Choledochal Cysts (cont.)
Melissa Conrad Stöppler, MD
Melissa Conrad Stöppler, MD, is a U.S. board-certified Anatomic Pathologist with subspecialty training in the fields of Experimental and Molecular Pathology. Dr. Stöppler's educational background includes a BA with Highest Distinction from the University of Virginia and an MD from the University of North Carolina. She completed residency training in Anatomic Pathology at Georgetown University followed by subspecialty fellowship training in molecular diagnostics and experimental pathology.
In this Article
- What is a choledochal cyst?
- What are the symptoms and complications of choledochal cysts?
- How are choledochal cysts diagnosed?
- How are choledochal cysts treated?
- Find a local Gastroenterologist in your town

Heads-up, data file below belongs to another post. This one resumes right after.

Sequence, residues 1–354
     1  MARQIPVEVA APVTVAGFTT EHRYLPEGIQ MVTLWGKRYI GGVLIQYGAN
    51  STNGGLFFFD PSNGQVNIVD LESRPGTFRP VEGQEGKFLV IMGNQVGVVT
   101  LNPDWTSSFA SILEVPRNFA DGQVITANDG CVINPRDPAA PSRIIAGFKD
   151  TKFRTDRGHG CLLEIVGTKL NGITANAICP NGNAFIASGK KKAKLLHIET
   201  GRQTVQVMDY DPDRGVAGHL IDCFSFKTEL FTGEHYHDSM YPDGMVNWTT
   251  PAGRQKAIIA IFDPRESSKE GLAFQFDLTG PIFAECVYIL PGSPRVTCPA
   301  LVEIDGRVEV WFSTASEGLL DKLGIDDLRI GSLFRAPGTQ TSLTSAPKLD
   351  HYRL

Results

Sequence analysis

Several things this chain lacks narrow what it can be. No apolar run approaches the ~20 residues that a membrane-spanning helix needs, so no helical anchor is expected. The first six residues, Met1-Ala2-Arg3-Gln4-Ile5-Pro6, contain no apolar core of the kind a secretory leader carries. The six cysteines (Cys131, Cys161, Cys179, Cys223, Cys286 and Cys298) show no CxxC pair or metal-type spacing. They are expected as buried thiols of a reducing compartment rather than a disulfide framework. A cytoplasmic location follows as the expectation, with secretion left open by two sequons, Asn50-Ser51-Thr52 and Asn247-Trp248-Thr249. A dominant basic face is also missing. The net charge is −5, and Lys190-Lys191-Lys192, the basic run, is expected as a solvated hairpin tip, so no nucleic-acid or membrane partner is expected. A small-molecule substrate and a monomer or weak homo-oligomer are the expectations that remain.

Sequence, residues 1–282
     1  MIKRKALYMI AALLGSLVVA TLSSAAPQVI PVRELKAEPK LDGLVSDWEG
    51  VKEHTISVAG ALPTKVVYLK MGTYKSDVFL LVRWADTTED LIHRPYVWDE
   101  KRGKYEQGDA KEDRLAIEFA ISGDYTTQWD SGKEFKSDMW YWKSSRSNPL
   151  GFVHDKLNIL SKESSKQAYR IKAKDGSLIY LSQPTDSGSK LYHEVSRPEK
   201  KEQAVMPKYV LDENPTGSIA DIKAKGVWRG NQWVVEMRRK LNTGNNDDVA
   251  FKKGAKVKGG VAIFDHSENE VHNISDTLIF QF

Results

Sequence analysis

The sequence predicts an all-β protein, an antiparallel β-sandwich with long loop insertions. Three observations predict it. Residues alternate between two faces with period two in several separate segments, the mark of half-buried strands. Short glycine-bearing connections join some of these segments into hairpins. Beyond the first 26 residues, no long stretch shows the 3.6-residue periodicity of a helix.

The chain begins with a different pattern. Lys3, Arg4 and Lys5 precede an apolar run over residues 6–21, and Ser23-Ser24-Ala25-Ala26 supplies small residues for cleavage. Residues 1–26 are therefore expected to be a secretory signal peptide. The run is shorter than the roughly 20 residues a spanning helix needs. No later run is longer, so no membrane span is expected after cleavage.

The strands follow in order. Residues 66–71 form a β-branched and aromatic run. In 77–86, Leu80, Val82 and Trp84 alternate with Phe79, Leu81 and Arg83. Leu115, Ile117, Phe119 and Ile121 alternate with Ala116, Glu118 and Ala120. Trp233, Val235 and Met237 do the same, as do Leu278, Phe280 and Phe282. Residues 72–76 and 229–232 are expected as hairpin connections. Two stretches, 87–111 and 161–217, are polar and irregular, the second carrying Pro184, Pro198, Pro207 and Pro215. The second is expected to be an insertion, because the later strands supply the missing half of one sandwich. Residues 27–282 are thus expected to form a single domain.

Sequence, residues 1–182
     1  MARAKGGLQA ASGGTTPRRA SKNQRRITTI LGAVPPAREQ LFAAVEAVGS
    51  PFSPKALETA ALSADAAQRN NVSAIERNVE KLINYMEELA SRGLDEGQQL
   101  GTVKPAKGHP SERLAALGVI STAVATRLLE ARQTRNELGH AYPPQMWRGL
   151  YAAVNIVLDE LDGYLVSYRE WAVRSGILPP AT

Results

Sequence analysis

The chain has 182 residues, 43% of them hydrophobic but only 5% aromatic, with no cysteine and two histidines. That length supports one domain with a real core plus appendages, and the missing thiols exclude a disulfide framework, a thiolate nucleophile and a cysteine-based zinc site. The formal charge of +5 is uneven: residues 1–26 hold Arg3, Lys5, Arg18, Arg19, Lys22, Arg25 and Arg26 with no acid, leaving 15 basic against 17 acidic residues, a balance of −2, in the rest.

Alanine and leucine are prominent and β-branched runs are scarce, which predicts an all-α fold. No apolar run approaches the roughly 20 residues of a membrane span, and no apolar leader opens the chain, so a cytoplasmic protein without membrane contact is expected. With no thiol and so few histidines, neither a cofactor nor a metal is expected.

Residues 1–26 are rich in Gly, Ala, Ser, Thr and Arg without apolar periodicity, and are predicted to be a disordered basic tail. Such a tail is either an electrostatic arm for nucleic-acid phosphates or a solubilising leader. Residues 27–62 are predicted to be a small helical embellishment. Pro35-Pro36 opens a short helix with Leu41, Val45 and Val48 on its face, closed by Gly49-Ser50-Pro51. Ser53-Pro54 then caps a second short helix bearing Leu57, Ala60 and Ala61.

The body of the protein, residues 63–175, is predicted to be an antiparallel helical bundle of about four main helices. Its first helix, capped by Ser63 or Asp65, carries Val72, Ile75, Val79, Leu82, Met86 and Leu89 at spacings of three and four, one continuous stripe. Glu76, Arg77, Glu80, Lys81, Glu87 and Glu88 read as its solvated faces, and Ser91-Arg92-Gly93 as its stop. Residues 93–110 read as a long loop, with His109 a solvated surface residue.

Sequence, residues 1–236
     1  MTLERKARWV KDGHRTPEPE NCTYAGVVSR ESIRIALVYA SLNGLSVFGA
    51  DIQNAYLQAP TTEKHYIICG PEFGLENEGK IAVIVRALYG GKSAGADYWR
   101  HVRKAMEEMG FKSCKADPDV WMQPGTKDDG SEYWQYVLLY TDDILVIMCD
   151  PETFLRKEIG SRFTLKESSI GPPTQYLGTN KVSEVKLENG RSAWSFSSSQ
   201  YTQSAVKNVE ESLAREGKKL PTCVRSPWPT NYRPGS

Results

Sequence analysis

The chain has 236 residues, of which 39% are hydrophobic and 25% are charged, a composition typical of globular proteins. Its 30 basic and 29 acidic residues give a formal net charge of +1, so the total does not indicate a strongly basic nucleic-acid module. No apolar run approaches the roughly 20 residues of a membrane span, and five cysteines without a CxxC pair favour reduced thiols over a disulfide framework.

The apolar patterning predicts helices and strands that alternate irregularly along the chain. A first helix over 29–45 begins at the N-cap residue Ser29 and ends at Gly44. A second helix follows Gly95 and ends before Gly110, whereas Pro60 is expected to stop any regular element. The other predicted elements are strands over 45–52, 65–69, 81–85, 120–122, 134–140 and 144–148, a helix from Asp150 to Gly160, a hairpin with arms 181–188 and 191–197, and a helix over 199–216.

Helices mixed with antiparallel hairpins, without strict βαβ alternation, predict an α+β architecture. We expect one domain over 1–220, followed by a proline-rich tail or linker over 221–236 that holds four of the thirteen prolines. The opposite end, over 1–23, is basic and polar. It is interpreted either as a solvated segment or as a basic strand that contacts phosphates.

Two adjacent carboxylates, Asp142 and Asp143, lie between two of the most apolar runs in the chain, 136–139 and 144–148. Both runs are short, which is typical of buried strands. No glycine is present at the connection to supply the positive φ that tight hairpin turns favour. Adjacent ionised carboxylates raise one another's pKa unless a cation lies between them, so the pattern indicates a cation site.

How are choledochal cysts diagnosed?
Choledochal cysts can be diagnosed in several ways. The most common is by ultrasonography.
The second most common way is by cholangiography, that is, the filling of the bile ducts with dye followed by x-ray imaging. The dye may be injected by a long needle directly into the bile ducts by advancing the needle through the skin and liver into the ducts or with an endoscopically-placed catheter from the duodenum through the Papilla of Vater (the point at which the bile duct enters the small intestine, also known as the Ampulla of Vater).
The most recent technique for identifying choledochal cysts is magnetic resonance imaging, also known as MRI. It offers the advantage of being non-invasive requiring neither an injection into the bile ducts or endoscopy.
How are choledochal cysts treated?
The best way of treating choledochal cysts is to surgically remove them and reconstruct the bile ducts that were affected. The cyst should be completely removed whenever possible. If the ducts cannot be reconstructed, they should be sewn to the intestine so that bile can drain freely out of the ducts.
REFERENCE: MedscapeReference.com. Choledochal cysts.
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